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world war I

  • Selma (Wijnberg) Engel describes deportation to Sobibor

    Oral History

    Selma was the youngest of four children born to Jewish parents. When she was 7, Selma and her family moved to the town of Zwolle where her parents ran a small hotel. When the Germans invaded the Netherlands in 1940, they confiscated the hotel. The family had to live in a poor Jewish section of the town. Selma went into hiding but was betrayed and then sent to the Westerbork camp. In April 1943 she was deported to Sobibor, where she worked in the clothes sorting area. There, the prisoners tried to pocket…

    Selma (Wijnberg) Engel describes deportation to Sobibor
  • Leo Melamed describes train ride across the Soviet Union

    Oral History

    Leo was seven years old when Germany invaded Poland in September 1939. Before the war, Leo's father was a mathematics teacher and member of the Bialystok City Council. Fearing arrest, Leo's father fled Bialystok for Vilna just before the German occupation. Leo and his mother eventually joined his father in Vilna. After the Soviets occupied Vilna, Leo's father obtained transit visas to Japan. The family left Vilna in December 1940, traveled across the Soviet Union on the Trans-Siberian Express, and arrived…

    Tags: escape
    Leo Melamed describes train ride across the Soviet Union
  • Thomas Buergenthal describes differing perspectives on international justice

    Oral History

    Judge Thomas Buergenthal was one of the youngest survivors of the Auschwitz and Sachsenhausen concentration camps. He immigrated to the United States at the age of 17. Judge Buergenthal has devoted his life to international and human rights law. A former chairman of the Museum’s Committee on Conscience, he is currently the Lobingier Professor of Comparative Law and Jurisprudence at the George Washington University Law School and served for a decade as the American judge at the International Court of…

    Thomas Buergenthal describes differing perspectives on international justice
  • How did German professionals and civil leaders contribute to the persecution of Jews and other groups?

    Discussion Question

    How involved in the Holocaust were German professionals and civil leaders? What were some of the motivations and pressures that led to a wide range of behavior? What indeed was the range of behavior, from complying to perpetrating?Explore t...

    How did German professionals and civil leaders contribute to the persecution of Jews and other groups?
  • Moringen Youth Camp

    Article

    The Nazi regime established so-called youth protection camps for young people who were al...

    Tags: youth camps
  • Börgermoor Camp

    Article

    Börgermoor was part of the Nazi regime’s early system of concentration camps. It was located in the Emsland region of Prussia.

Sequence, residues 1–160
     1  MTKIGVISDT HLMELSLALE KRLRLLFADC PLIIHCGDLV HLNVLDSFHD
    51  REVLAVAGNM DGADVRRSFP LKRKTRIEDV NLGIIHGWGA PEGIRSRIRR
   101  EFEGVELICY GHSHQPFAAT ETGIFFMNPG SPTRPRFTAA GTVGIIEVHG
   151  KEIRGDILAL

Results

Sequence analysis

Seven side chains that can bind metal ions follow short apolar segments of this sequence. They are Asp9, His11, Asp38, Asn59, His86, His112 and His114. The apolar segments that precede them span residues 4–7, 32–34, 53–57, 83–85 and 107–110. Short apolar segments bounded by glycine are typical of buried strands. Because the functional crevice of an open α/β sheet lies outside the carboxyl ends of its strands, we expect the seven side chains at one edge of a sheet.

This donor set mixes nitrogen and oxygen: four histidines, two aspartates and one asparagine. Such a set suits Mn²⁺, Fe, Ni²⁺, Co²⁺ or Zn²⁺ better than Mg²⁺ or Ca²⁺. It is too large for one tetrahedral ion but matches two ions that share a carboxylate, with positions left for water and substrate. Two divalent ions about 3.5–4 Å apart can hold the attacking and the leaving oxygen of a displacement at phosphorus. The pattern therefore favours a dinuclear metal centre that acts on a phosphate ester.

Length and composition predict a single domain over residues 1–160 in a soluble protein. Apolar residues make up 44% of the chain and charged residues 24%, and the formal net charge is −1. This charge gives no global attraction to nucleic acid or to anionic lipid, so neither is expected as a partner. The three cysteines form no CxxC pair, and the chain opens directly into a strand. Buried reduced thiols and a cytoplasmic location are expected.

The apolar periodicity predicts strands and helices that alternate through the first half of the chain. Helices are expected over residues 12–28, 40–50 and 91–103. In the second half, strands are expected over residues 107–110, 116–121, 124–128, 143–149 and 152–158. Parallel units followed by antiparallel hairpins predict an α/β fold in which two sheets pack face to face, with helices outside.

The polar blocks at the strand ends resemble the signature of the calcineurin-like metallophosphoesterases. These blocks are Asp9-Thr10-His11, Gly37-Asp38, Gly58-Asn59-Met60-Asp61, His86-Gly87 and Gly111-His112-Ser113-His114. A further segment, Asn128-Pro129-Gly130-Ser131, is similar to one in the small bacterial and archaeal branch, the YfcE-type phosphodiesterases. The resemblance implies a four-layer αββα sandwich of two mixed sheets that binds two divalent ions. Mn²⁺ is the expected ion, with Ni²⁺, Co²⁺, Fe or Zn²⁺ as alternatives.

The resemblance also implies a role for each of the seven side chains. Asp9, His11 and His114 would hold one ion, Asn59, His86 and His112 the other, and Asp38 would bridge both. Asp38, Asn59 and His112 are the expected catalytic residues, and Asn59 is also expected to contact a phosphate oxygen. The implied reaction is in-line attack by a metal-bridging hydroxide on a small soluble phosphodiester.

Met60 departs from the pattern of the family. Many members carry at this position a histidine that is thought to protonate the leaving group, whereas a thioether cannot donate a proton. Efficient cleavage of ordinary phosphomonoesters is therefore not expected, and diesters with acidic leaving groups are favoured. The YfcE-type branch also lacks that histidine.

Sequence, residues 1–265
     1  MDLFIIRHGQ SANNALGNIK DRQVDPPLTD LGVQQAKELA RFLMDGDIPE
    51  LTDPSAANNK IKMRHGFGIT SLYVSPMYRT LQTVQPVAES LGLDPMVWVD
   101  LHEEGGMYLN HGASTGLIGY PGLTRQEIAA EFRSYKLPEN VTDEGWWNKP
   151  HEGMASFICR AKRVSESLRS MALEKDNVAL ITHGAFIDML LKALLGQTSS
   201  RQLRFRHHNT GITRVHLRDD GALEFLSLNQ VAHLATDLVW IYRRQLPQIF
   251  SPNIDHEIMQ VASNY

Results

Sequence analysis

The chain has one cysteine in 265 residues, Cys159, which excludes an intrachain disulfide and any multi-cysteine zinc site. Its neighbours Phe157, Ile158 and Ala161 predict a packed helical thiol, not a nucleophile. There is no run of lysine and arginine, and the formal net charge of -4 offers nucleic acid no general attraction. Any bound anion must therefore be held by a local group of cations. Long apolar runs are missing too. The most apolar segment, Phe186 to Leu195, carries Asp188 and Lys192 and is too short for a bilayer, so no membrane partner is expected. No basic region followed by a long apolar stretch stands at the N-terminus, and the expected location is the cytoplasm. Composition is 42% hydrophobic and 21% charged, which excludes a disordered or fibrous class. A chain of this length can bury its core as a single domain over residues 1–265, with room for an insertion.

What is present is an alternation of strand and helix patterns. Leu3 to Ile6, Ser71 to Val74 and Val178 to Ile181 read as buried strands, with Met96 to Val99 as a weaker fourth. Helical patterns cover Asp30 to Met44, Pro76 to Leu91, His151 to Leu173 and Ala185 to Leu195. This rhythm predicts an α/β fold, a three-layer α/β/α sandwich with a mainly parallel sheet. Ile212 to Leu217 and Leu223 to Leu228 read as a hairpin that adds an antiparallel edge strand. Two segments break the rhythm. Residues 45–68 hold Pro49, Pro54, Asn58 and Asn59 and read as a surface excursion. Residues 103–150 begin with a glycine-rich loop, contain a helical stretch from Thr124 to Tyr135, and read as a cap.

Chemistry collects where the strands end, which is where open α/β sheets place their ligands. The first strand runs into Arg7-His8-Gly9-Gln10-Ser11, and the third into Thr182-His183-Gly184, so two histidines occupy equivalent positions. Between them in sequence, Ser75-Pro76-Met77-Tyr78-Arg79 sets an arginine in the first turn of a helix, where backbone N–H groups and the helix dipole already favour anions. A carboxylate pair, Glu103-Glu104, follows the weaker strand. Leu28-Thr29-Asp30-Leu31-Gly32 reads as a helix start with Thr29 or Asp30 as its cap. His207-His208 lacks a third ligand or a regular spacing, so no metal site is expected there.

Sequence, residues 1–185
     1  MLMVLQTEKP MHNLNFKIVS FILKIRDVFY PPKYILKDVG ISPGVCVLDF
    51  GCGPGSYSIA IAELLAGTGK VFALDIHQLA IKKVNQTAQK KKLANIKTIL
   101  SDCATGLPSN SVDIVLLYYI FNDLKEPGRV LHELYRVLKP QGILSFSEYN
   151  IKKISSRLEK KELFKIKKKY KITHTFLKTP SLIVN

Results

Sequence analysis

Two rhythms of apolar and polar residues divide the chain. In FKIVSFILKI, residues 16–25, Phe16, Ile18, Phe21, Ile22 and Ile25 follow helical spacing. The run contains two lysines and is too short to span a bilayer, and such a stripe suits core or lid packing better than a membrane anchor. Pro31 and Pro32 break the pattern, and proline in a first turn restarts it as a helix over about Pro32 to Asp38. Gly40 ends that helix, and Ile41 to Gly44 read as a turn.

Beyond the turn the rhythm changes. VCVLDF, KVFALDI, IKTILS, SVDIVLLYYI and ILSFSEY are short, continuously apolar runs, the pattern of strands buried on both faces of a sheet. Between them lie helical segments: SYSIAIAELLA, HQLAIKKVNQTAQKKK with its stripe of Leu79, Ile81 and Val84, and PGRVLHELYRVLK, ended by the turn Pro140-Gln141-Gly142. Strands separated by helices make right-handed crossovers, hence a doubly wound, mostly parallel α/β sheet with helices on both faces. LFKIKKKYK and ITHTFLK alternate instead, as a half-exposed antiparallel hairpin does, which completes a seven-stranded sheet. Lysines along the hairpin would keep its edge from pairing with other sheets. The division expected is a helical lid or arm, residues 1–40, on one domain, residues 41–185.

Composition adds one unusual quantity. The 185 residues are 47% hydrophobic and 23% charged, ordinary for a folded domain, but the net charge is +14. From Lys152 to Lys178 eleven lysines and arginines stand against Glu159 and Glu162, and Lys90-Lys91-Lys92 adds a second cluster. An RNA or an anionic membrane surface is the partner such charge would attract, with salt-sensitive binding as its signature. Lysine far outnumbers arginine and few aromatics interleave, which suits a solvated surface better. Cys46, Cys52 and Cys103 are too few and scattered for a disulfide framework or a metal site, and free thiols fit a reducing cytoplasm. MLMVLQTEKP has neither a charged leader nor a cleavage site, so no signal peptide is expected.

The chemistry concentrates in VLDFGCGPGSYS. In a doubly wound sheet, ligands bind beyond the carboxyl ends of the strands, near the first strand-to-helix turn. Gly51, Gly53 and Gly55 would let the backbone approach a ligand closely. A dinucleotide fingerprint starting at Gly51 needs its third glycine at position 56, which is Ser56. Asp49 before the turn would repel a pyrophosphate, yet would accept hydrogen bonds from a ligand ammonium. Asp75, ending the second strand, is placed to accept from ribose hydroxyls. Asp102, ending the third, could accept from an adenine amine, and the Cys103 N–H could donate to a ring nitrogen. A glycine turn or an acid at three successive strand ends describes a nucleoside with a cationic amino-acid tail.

• Flora Mendelovicz

    ID Card

    Flora's Romanian-born parents immigrated to Antwerp, Belgium, in the late 1920s to escape antisemitism. Flora's father owned a furniture workshop. Antwerp had an active Jewish community. There were butcher shops, bakeries, and stores that sold foods which were prepared according to Jewish dietary laws. Flora was the oldest of three girls, and the family spoke Yiddish at home. 1933-39: When Flora arrived for her first day of kindergarten at public school, she was shocked to learn that there were other…

    Flora Mendelovicz
  • Fischel (Philip) Goldstein

    ID Card

    Fischel was the youngest of five children. He came from a Jewish family of artisans; his father was a tailor, his uncles were furriers, and his sister was a dressmaker. Fischel started his education at a Jewish parochial school at age 3, where he studied Hebrew and Yiddish. He continued his education at Jewish private schools until age 10, when he entered Polish public schools. 1933-39: After graduating from the Polish public school system at age 14, Fischel started an apprenticeship in his father's…

    Fischel (Philip) Goldstein
  • Thomas Buergenthal describes international tribunals

    Oral History

    Judge Thomas Buergenthal was one of the youngest survivors of the Auschwitz and Sachsenhausen concentration camps. He immigrated to the United States at the age of 17. Judge Buergenthal has devoted his life to international and human rights law. A former chairman of the Museum’s Committee on Conscience, he is currently the Lobingier Professor of Comparative Law and Jurisprudence at the George Washington University Law School and served for a decade as the American judge at the International Court of…

    Thomas Buergenthal describes international tribunals
  • Mojsze Kisielnicki

    ID Card

    Mojsze, his wife Raizel and their three children lived 35 miles east of Warsaw in the small, predominantly Jewish town of Kaluszyn. Mojsze had gone to Jewish schools and supported Zionist ideals. By the early 1930s, he owned a wholesale grocery store, a restaurant and a gas station, all of which were located on the heavily traveled main road. 1933-39: Mojsze is at the World's Fair in Paris with his sister, Ruchel. She immigrated here in the 1920s with her husband, who owns a successful tailor shop. When…

    Tags: Poland
    Mojsze Kisielnicki

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